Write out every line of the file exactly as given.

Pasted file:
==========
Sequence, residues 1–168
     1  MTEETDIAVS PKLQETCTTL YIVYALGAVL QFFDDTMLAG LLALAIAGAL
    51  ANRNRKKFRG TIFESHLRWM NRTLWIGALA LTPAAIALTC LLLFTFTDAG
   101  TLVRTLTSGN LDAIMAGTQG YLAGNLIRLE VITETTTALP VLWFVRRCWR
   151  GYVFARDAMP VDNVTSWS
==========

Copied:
Sequence, residues 1–168
     1  MTEETDIAVS PKLQETCTTL YIVYALGAVL QFFDDTMLAG LLALAIAGAL
    51  ANRNRKKFRG TIFESHLRWM NRTLWIGALA LTPAAIALTC LLLFTFTDAG
   101  TLVRTLTSGN LDAIMAGTQG YLAGNLIRLE VITETTTALP VLWFVRRCWR
   151  GYVFARDAMP VDNVTSWS